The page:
How hard is it to compute an isomorphism?

Barbara Csima (University of Waterloo)

Thursday, October 5, 2017 4:00 pm
MONT 214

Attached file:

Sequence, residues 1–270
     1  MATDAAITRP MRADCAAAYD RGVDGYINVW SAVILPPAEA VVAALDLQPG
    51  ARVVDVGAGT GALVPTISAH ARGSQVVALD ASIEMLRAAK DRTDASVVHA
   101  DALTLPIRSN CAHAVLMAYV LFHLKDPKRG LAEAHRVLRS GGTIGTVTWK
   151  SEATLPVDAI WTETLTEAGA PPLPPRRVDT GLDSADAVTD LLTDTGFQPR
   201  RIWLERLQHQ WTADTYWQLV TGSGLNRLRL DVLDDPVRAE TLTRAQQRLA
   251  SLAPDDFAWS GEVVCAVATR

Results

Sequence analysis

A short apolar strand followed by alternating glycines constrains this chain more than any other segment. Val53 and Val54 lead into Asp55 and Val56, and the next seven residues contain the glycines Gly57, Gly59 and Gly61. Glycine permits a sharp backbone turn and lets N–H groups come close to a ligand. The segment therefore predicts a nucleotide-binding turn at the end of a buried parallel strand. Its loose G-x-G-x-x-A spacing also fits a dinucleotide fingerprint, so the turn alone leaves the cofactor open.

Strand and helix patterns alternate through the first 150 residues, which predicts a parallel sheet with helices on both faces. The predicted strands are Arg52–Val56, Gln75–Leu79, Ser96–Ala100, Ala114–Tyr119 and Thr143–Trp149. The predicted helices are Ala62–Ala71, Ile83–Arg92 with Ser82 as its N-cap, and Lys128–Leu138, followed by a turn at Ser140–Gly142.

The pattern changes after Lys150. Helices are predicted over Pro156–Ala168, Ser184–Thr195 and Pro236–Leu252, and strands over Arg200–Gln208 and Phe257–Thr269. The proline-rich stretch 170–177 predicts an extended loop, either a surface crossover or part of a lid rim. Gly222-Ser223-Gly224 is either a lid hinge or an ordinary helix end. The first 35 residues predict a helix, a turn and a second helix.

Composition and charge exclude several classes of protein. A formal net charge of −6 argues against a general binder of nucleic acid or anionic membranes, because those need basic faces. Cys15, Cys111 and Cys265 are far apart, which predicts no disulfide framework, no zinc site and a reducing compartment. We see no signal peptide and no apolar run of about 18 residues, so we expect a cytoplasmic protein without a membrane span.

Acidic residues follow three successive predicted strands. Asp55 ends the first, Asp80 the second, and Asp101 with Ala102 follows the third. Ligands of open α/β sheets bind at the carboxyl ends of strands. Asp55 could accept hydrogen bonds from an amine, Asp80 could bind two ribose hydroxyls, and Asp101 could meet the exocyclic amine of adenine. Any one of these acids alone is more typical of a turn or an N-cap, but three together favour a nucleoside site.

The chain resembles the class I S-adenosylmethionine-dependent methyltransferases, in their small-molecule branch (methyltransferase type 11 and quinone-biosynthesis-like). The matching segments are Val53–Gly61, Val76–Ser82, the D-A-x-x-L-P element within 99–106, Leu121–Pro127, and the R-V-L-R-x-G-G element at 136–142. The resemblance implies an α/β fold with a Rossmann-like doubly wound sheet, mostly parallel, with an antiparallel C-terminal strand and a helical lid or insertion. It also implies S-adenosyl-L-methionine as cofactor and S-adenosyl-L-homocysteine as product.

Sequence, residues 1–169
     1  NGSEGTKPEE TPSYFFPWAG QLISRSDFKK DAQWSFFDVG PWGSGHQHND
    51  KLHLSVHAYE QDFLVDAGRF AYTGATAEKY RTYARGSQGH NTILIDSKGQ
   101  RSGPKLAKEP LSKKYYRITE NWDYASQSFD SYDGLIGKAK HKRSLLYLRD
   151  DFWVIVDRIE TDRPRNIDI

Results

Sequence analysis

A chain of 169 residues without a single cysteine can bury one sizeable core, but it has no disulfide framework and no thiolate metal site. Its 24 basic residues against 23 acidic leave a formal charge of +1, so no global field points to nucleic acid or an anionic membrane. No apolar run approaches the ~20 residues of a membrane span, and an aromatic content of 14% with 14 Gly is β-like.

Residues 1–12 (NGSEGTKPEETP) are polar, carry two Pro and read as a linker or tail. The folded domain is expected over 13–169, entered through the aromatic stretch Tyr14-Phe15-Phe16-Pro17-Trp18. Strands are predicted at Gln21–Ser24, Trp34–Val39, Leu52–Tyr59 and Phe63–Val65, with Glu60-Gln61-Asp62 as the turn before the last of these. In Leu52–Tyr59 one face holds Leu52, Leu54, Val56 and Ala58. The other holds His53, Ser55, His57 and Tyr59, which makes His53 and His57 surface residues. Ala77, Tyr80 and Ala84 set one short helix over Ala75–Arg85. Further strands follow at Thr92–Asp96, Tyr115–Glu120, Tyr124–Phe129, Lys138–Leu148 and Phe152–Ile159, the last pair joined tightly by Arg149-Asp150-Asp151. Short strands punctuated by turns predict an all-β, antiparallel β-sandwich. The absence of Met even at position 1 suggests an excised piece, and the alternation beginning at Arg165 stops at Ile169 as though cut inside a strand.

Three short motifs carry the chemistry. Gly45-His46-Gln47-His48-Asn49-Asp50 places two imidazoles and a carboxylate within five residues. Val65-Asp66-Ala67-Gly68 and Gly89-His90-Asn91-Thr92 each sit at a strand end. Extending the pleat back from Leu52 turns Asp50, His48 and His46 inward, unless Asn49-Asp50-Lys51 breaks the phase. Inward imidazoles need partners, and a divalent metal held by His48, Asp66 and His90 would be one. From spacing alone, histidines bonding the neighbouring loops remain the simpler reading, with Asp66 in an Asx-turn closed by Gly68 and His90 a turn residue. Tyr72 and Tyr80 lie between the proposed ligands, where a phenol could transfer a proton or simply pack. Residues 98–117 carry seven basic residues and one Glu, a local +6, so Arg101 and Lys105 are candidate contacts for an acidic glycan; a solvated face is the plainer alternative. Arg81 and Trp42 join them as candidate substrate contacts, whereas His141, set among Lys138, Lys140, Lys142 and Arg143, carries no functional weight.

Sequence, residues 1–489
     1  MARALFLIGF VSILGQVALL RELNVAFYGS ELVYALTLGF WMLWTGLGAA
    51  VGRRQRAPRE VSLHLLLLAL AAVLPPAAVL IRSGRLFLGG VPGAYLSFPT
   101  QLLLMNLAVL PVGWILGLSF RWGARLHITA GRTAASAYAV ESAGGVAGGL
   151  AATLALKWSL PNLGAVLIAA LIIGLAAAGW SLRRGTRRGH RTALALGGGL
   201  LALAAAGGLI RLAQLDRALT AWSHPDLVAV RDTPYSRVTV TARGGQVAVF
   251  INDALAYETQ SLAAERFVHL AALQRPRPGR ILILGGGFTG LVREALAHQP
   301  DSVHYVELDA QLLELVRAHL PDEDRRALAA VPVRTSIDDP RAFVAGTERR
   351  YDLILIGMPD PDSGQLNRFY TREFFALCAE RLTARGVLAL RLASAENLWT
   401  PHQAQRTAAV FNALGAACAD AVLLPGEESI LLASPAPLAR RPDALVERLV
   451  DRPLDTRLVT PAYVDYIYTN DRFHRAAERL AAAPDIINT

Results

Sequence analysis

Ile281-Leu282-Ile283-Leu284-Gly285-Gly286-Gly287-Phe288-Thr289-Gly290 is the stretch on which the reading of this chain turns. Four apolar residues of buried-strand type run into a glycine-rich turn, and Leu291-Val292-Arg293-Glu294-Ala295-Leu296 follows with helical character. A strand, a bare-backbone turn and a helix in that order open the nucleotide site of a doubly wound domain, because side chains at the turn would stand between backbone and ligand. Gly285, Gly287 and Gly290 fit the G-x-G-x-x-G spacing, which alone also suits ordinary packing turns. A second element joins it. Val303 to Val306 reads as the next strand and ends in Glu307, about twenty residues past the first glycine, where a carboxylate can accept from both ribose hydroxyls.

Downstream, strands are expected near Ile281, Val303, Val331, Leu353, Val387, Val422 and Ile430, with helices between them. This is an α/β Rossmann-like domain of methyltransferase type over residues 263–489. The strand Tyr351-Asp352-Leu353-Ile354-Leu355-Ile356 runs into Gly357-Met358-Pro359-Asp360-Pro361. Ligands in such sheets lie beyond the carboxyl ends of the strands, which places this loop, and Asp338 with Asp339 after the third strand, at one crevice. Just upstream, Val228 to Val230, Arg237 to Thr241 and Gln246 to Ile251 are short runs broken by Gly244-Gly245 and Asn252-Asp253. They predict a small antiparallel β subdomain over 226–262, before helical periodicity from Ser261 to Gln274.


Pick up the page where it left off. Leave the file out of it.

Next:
We say a structure is computable (or computably presented) if it has domain the natural numbers, and if all functions, relations and constants are uniformly computable. This definition is not isomorphism invariant. We can ask: between two computable copies of a given structure, what is this simplest isomorphism that must exist? For example, between any two computable copies of the rationals, there always exists a computable isomorphism, since the usual back-and-forth isomorphism can be found effectively. On the other hand, the difficulty of computing an isomorphism between two computable copies of $(\mathbb{N}, <)$ is exactly that of the halting set, since we need to answer the single-quantifier questions of which element is least, next, etc. In this talk, we present what is known about Turing degrees that arise as degrees of isomorphisms for computable structures.